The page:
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Catholic Charities focuses on life across the human spectrum

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In February 2011, Jessica Lopez, left, prepares bedding as her fiancÈ, Deante Brewster, tends to their daughter, Adrianna Brewster, at the Russell Shelter in Santa Rosa, Calif. The shelter for the homeless is funded by Sonoma County and operated by Catholic Charities. (Newscom/ZUMA Press)

WASHINGTON -- Catholic Charities’ adoption services -- currently the subject of disputes with several state governments -- and its prenatal services have an obvious connection to the church’s pro-life teaching. But the full range of the agency’s work nationwide represents pro-life work as well, even if such programs are not usually thought of popularly as part of the political pro-life agenda, the head of Catholic Charities USA said in a recent interview.

To name just a few, such programs can include food pantries and soup kitchens; job training; family counseling; emergency financial assistance for heat, electricity and other needs; shelters for the homeless and battered women; and advocacy for the poor in legislatures and in government agencies.

“I think the work of Catholic Charities actually gives the pro-life teaching and stand of the church credibility, because it’s what we say and what we show, by the programs and the actions that we do, that we in fact care not only that this child was conceived -- we care that this child is going to have a healthy, productive life within a family that is caring and loving,” said Fr. Larry Snyder, president and CEO of Catholic Charities USA. “And so many of our programs actually work to build up those families and to strengthen them, so that in fact children are a real treasure.

“I think sometimes in the United States we say that, but you might be hard-pressed to see it in action,” he added. “But I think that’s one of the things that Catholic Charities and the church do. ... We not only say that children are a treasure, but we try to assure that that is the case, through all kinds of programs that we offer.”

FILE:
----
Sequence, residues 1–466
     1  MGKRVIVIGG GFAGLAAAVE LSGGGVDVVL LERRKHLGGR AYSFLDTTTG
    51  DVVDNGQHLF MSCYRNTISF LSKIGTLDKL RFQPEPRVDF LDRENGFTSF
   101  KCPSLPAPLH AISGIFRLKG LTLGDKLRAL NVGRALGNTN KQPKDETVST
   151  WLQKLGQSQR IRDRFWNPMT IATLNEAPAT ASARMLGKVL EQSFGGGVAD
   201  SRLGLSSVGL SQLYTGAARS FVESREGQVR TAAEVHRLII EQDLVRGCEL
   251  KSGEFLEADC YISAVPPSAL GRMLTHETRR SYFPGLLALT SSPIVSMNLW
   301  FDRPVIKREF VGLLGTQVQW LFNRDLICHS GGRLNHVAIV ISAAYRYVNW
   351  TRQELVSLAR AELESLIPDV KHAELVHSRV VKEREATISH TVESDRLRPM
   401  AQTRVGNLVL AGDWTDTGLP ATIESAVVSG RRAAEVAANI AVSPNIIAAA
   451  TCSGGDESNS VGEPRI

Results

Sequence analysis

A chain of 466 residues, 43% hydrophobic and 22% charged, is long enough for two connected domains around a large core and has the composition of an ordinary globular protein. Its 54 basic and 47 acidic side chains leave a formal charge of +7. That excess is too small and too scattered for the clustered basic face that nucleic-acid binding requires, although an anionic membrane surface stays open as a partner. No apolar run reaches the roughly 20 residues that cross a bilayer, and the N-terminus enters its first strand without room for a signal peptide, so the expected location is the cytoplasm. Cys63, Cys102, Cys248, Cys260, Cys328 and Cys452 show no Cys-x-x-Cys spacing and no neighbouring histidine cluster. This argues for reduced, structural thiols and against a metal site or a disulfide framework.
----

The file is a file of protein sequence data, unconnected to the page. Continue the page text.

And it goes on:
“Adoption and prenatal services across the country” have long been a hallmark of Catholic Charities’ activities, Snyder said. “Of course the number of adoptions has fallen dramatically in the last 20 years or so, but we still do adoptions,” although they are no longer as big a part of the Catholic Charities mission.

He noted that Catholic Charities USA, a national office for some 1,700 Catholic Charities agencies across the country, recently launched a Web-based national adoption service, still in development, in which all Catholic Charities agencies are starting to come together to promote and facilitate adoption services.

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The website (www.catholiccharitiesusa.org/page.aspx?pid=1670) offers information and guidance to prospective adoptive parents and to pregnant women who are considering the option of giving up their baby for adoption.

“It’s kind of an exciting thing that takes us kind of to a new level in our adoption offerings,” Snyder said.

In another clearly pro-life area, Snyder said 10 diocesan Catholic Charities around the country are among primary local handlers of the Women, Infants and Children program.

WIC is a federal program of grants -- administered by each state but often operated in service centers around the state by faith-based or other nonprofits -- to provide supplemental food, health care referrals and nutritional information to low-income women during pregnancy and after birth and to infants and children up to five years of age who are at nutritional risk.

Snyder cited Catholic Charities of the Chicago archdiocese, which operates 16 WIC centers across the archdiocese, as one of the largest programs in the country.

In most dioceses, where other nonprofit agencies or the local government are the primary WIC operators, Catholic Charities offices work in close collaboration with them, he said.